Guest blogger: Ten summer young-adult books you’ll want to read, despite your age


By Nicole S.

Summer reading lists always take me back to a time of frayed friendship bracelets, tie-dyed camp T-shirts and the yellowed pages of a classic. The children and teen titles being released this summer make reconnecting to those days as simple as turning a page.

Cut open an ice pop and enjoy some of this summer’s hottest books with just as much appeal for adults as for their intended under-18 readership:

1. Mockingjay by Suzanne Collins — The final installment of The Hunger Games promises to answer many questions, including the fate of District 12 and the reality of what lies in District 13. Details on this much-anticipated title have been very hard to come by, but that hasn’t stopped it from being the most talked about YA book of the year. (Aug. 24)

2. Zombies vs. Unicorns edited by Holly Black and Justine Larbalestier — The hottest names in YA have banded together to answer one of life’s greatest mysteries: Who are the superior creatures, zombies or unicorns? The book reads like a campfire story-off, with each tale more hilarious than the last. (Sept. 21)

3. Linger by Maggie Stiefvater — The second title in the Wolves of Mercy Falls series follows the story of a werewolf and the girl who loves him. Grace and Sam found a way to be together in the first novel, Shiver, but arrival of a new wolf and an unresolved issue from Grace’s past threaten to destroy their fragile happiness. (July 20)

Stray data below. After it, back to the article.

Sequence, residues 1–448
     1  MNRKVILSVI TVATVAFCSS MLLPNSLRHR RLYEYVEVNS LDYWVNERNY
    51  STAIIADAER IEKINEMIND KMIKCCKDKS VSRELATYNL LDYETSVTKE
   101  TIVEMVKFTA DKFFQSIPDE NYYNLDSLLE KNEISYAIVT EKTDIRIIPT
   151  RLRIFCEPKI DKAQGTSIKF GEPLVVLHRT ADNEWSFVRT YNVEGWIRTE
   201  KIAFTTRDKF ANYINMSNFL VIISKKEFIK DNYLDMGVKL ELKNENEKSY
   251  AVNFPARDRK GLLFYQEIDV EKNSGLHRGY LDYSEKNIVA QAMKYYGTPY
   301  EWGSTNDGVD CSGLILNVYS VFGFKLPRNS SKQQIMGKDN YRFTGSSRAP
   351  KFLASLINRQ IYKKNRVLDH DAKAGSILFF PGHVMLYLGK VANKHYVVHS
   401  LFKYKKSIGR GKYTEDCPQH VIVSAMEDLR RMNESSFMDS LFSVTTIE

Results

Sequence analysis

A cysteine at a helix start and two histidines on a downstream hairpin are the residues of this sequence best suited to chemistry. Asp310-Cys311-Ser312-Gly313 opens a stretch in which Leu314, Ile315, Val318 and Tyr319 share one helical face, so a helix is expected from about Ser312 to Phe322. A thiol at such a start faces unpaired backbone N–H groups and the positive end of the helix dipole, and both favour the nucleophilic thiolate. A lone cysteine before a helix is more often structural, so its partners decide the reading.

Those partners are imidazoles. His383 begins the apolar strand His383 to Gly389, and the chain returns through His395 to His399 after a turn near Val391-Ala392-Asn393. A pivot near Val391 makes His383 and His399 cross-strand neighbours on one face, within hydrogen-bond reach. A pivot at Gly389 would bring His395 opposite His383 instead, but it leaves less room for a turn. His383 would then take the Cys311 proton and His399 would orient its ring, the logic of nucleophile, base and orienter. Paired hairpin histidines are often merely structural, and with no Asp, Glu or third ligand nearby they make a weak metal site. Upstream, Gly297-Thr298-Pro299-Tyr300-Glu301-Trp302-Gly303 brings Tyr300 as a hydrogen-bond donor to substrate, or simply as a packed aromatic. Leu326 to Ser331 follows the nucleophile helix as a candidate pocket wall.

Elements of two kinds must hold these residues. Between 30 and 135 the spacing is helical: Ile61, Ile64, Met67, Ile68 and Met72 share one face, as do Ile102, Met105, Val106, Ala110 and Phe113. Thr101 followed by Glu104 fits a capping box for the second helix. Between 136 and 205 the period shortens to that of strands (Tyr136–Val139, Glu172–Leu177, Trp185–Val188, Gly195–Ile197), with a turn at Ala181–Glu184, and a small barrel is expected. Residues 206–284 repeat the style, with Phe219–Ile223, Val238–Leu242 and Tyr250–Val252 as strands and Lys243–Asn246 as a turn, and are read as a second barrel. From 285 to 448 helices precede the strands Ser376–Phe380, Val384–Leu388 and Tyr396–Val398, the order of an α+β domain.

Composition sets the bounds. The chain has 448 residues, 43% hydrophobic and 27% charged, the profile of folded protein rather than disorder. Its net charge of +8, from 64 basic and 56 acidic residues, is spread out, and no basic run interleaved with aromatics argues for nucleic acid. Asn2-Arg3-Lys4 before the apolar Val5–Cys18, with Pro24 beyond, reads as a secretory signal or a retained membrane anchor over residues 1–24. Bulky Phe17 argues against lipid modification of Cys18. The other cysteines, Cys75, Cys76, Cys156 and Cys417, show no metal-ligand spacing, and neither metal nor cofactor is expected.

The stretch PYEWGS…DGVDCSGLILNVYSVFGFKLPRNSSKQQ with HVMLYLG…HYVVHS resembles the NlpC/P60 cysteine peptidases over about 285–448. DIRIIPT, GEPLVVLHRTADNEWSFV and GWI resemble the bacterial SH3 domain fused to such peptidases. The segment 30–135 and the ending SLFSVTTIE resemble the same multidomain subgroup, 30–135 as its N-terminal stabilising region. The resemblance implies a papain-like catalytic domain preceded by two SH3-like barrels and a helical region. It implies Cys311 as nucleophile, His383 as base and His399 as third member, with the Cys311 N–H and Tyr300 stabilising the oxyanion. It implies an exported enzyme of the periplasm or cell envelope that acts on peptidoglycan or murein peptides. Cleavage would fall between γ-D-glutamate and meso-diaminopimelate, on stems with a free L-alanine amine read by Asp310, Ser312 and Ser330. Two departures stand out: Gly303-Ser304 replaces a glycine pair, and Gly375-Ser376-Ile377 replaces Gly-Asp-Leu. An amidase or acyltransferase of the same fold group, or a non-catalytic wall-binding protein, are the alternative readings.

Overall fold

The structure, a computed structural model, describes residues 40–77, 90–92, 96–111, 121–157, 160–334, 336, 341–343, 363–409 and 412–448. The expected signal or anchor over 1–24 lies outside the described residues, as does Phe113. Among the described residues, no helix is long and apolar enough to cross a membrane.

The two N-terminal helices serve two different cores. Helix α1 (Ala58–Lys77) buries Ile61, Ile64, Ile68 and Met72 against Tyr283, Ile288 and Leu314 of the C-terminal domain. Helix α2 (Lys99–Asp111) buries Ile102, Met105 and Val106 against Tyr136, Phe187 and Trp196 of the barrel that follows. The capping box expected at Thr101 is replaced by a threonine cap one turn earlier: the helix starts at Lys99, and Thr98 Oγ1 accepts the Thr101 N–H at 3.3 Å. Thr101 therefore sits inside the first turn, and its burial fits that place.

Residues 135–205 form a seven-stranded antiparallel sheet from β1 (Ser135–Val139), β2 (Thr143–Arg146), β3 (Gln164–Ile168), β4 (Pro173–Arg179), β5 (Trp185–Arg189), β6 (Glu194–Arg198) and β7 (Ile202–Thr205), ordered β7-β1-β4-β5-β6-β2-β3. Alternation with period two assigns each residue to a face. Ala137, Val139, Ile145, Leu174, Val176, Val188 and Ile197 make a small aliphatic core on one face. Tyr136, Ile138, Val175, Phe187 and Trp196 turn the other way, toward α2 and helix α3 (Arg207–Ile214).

Libraries Have a Novel Idea

Source: Geoffery A Fowler at

SAN FRANCISCO—Libraries are expanding e-book offerings with out-of-print editions, part of a broader effort to expand borrowing privileges in the Internet Age that could challenge traditional ideas about copyright.

Starting Tuesday, a group of libraries led by the Internet Archive, a nonprofit digital library, are joining forces to create a one-stop website for checking out e-books, including access to more than a million scanned public domain books and a catalog of thousands of contemporary e-book titles available at many public libraries.

And in a first, participants including the Boston Public Library and the Marine Biological Laboratory will also contribute scans of a few hundred older books that are still in copyright, but no longer sold commercially. That part of the project could raise eyebrows, because copyright law is unclear in the digital books arena. Google Inc., which is working on its own book scanning efforts, has been mired in a legal brouhaha with authors and publishers over its digital books project.


What do you think of the summer reading list? And the change in libraries – good/bad?

Join us in the forum to discuss!